BY JOE TYRRELL
The excellent documentary "Buck" aims to break the cycle of violence for more than one species.
In equine and Hollywood circles, Dan "Buck" Brannaman is celebrated as a "horse whisperer" for his consulting work on the movie of that name.
But he's really more of a horse empath, whose own experiences have led him to focus more on their problems with people instead of the reverse.
On the road much of the year, Brannaman preaches a gospel of "natural horsemanship" to riders in clinics around the country. His gentle, patient approach wins trust from horses and shows other humans how to earn similar results.
"Everything you do with a horse, it's a dance," he tells one audience.
"Nobody's here to hurt you," he's saying to a horse.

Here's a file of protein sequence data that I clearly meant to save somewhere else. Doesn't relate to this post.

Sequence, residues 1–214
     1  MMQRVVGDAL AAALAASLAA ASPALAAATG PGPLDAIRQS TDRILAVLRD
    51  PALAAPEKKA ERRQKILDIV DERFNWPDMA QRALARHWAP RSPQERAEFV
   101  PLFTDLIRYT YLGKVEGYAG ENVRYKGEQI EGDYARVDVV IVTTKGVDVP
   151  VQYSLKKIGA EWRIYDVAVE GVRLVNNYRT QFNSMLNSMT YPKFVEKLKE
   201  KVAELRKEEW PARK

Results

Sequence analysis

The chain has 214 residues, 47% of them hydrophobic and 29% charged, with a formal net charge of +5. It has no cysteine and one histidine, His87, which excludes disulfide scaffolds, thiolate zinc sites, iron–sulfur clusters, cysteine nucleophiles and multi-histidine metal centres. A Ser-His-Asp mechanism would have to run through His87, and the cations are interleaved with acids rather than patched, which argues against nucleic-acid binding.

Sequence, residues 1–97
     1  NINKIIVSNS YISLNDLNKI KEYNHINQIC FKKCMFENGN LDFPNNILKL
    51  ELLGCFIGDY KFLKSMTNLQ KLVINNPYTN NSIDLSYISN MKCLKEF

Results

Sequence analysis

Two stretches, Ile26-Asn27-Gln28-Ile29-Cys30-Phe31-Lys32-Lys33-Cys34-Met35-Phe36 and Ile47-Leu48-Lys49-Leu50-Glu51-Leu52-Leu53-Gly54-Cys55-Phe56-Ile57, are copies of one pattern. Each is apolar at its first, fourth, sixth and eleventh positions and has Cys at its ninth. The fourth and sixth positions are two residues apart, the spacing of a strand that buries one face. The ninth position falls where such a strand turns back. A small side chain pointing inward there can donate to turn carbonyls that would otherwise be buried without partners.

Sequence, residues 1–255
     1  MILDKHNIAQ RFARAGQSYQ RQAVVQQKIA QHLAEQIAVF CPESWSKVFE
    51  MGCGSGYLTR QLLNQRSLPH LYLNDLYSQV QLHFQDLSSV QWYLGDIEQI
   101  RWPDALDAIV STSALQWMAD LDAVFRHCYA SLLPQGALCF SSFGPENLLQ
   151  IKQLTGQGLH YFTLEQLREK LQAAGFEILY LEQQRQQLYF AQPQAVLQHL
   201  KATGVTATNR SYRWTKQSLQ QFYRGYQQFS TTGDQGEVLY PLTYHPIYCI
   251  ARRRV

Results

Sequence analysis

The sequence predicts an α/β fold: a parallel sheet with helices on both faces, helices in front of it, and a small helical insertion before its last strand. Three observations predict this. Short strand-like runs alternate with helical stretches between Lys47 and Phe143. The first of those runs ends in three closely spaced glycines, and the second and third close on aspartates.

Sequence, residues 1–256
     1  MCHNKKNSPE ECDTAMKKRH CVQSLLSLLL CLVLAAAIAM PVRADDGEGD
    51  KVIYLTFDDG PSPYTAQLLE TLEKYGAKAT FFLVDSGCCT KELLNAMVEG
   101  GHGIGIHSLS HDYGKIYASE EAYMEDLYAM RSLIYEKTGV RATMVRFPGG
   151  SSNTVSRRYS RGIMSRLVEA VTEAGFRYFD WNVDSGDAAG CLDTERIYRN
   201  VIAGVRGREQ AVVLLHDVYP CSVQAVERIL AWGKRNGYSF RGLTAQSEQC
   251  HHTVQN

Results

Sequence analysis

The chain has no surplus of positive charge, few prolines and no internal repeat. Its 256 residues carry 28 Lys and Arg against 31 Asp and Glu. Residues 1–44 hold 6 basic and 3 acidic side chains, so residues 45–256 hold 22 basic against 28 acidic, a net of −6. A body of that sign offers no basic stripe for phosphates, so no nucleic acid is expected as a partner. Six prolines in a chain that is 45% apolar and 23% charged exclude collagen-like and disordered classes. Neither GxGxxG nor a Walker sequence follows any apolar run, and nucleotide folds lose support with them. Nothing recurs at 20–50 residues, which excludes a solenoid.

The experience of being ridden can be strange and frightening to a young animal, Brannaman explains. That's why he encourages his students to think of "starting" a horse, not "breaking" it.
While Brannaman isn't the first to promote a more humane approach to riding, he vaulted to prominence when Robert Redord adapted Nicholas Evans' best-selling book "The Horse Whisperer" into a 1998 movie.
Starting out as a technical adviser, Brannaman (and his horse) ended up leaving a mark on the film, shaping performances, scenes and even the ending, and stepping in when Redford ran into trouble with stunt horses and trainers.
Redford is just one of the open-mouthed enthusiasts whom first-time director Cindy Meehl captures raving about Brannaman's "gentle spirit" as well as his results.